A love letter to Bellaire: how freedom spurs greatness


Rilina Tran

Principal Michael McDonough speaks at the women’s history month forum on March 11. A collaboration between the feminist club, student council, and period club, the forum allowed students to voice their opinions on women’s issues in the school, showing how the school trusts and actually listens to its students.

Despite breakdowns, late-night study sessions, and pure exhaustion, I have learned more this year than any time in my life. As my junior year comes to an end and my brain is not filled with US History facts and Statistics equations, an idea has begun solidifying in my mind.

Before I entered Bellaire, I always thought of it as a random public school that I would inevitably end up at because I wasn’t good enough to go to HSPVA. Freshman year, I immediately noticed something different as, for the first time in my life, I felt interested in what I was studying. Still, I didn’t appreciate Bellaire because, in a typical freshman mindset, my judgment was clouded by Pre-AP Geometry and World Cultures assignments.

As soon as I had adjusted to the craziness of high school, all that I had come to know was ripped away from me that Friday before spring break when we were suddenly thrust into online school.

While going through their own struggles, Bellaire teachers made accommodations (like allowing us to turn in assignments late) because they understood how much the pandemic had taken a toll on the student body.

Teachers like Mrs. SegalDeLaGarza had us do yoga on the first day of classes and always asked how we were feeling. During a time when I only talked to my family and video comment sections, real human interaction, that showed that there were people out there who cared about me, was invaluable.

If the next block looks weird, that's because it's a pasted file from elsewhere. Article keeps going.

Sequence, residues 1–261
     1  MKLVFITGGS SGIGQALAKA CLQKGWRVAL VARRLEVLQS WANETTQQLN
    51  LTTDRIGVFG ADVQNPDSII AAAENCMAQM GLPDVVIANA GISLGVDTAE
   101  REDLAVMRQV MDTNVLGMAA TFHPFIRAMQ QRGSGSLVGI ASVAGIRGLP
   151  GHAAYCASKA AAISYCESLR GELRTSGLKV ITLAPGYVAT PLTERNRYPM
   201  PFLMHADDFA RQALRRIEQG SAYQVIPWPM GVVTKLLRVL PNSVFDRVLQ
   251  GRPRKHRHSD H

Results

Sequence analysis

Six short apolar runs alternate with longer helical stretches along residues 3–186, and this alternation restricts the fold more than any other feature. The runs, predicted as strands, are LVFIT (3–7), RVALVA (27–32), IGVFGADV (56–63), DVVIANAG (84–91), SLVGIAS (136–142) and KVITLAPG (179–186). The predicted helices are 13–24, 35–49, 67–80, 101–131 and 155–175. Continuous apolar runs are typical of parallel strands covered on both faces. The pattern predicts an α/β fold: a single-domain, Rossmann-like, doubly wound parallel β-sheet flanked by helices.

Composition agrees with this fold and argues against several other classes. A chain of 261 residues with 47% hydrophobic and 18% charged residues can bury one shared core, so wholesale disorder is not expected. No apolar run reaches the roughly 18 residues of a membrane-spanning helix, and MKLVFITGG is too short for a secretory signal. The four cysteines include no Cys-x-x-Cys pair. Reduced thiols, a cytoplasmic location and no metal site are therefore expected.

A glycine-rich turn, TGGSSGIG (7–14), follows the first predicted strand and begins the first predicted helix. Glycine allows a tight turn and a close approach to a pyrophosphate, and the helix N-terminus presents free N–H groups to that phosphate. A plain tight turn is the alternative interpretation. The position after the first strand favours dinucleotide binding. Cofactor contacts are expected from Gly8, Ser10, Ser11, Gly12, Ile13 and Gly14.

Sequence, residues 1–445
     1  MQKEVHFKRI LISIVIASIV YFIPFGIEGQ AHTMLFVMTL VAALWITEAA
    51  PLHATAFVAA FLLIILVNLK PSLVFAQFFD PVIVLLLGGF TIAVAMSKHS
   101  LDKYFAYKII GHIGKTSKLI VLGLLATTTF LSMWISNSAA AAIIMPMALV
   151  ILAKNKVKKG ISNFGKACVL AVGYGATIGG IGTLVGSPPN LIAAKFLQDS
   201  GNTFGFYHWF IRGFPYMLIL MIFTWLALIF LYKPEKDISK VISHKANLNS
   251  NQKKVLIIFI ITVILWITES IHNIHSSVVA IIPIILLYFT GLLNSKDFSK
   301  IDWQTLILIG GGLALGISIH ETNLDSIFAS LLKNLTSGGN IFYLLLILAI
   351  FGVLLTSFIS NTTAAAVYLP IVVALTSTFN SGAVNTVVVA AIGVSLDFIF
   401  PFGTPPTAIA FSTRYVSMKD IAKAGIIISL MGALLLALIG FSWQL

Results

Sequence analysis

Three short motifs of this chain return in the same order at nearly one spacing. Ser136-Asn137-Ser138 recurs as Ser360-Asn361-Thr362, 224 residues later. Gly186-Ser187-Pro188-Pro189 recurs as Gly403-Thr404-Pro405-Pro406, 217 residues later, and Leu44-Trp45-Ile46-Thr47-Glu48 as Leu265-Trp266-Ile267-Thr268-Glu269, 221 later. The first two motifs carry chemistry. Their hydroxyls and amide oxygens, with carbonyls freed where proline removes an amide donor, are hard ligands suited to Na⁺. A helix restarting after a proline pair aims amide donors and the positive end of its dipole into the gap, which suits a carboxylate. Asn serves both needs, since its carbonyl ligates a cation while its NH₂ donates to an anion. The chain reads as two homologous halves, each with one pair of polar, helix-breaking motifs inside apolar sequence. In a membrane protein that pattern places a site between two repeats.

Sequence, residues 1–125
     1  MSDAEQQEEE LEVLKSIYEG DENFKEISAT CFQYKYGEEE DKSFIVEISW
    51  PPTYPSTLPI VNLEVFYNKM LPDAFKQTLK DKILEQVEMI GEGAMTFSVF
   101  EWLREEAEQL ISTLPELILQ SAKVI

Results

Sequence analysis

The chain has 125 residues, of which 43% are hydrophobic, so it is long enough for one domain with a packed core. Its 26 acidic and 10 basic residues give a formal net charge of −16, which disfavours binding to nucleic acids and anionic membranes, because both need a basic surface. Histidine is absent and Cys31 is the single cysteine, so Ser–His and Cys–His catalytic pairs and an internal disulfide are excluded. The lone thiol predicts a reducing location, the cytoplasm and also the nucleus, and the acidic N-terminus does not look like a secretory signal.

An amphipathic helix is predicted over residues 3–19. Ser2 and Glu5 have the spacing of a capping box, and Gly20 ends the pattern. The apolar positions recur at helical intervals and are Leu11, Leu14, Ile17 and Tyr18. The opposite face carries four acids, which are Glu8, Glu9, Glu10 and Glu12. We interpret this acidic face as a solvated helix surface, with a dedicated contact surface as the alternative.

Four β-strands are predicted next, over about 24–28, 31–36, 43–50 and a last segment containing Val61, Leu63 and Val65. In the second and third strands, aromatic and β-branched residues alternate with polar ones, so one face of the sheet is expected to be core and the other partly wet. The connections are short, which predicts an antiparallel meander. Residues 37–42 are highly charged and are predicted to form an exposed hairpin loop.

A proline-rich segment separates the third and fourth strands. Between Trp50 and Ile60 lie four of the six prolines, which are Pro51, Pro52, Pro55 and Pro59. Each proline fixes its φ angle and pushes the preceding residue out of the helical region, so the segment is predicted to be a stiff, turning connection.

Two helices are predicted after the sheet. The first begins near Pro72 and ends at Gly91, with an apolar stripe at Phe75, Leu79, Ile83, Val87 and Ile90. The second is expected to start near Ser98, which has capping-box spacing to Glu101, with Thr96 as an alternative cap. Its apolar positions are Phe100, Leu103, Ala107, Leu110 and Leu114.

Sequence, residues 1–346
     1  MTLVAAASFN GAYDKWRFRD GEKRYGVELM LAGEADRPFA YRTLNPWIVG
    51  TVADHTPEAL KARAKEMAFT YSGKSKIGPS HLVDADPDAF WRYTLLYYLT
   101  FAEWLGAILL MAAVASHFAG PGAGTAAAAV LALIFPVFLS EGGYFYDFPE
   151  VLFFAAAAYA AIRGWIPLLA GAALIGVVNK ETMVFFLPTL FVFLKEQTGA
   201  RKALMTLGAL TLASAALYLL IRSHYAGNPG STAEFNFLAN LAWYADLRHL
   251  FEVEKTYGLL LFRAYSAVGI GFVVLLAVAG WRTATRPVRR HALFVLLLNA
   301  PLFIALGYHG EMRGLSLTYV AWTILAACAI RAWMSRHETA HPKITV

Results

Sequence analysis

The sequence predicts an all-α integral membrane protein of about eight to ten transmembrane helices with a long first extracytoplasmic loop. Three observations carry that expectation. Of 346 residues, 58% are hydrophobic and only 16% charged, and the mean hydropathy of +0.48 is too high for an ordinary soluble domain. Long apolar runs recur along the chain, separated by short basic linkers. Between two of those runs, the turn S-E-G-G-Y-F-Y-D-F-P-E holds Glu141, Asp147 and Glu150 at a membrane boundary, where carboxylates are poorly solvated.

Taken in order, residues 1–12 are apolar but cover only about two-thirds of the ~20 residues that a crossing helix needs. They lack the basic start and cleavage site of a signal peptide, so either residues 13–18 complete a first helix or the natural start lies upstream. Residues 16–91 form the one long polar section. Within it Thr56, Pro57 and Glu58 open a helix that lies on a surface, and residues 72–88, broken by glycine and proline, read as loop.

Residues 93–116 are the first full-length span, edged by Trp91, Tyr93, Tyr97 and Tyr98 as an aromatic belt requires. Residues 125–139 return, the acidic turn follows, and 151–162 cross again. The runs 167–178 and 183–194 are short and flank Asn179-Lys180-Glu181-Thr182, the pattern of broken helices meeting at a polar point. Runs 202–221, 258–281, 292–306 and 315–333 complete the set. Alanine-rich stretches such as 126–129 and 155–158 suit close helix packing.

Sitting by myself all day at home gave me copious time to think, and I began truly understanding what made Bellaire different.

Bellaire trusts its students.

Senior Phoebe Hulen and junior Nabila Wilson present about pay inequality to the feminist club during a cardinal hour. Because Bellaire trusts its students to make decisions about what they do during lunch, the administration is able to garner student respect. (Ariana Castañeda)

The freedom that Bellaire gives its students is the reason why we have a record-breaking number of valedictorians, some of the best teams in the district, and a wide range of clubs catered to our diverse study body.

This idea was made clear through my work starting climate education clubs in other schools. One school didn’t have an extended lunch period like ours so clubs could only meet on Fridays. This left little room for new clubs as students generally had to choose just one.

At another school we encountered, clubs had to fill out a long, tedious form with plans for the first 10 meetings. Although I understand the idea of making sure each club is organized, this requirement may scare away students who want to bring a new passion to the school. The individuals I was trying to help start a club weren’t able to complete the application in time and now must wait until next year.

Contrastingly, at Bellaire when I had tried to start a club, it was a smooth process. Although past the deadline, Mrs. Chapman, the club coordinator, told me I could start having club meetings and simply apply in the spring to make the club official. Why? Because Bellaire trusts us which then allows students to more easily make new friends, explore interests, and of course gain leadership positions for college applications.

In addition to the leadership of Mrs. Chapman, teachers who are happy to sponsor clubs, and administration who lets us use areas like the LGI and auditorium for events, one of the biggest reasons why clubs are so successful at Bellaire is because of Cardinal Hour, one of the best features at our school.

For me, Cardinal Hour can be a godsend.

After a long Precalculus test, it is time to decompress before my afternoon classes. When I have work after school it is a time for me to do homework. Of course one of my favorite uses of Cardinal Hour are club meetings like Feminist Club where we can have extended discussions about important topics.

In addition to the surface-level benefits, I believe Cardinal Hour also contributes to a culture at Bellaire that had taken a back burner during COVID-19. It shapes what makes this school outstanding: trust.

By allowing us to spend Cardinal Hour however we want, the administration shows its students that they trust us. This allows the student body to then respect the administration.

Besides Cardinal Hour there are many other areas where trust is shown like the lax-dress code allowing for increased self-esteem or how off-periods allow students to have a life outside of school like creating projects to end food poverty in the city.

Bellaire is not perfect by any means, but I wouldn’t trade it for anything and as our school goes through a time of change, I ask that we all remember what makes Bellaire great.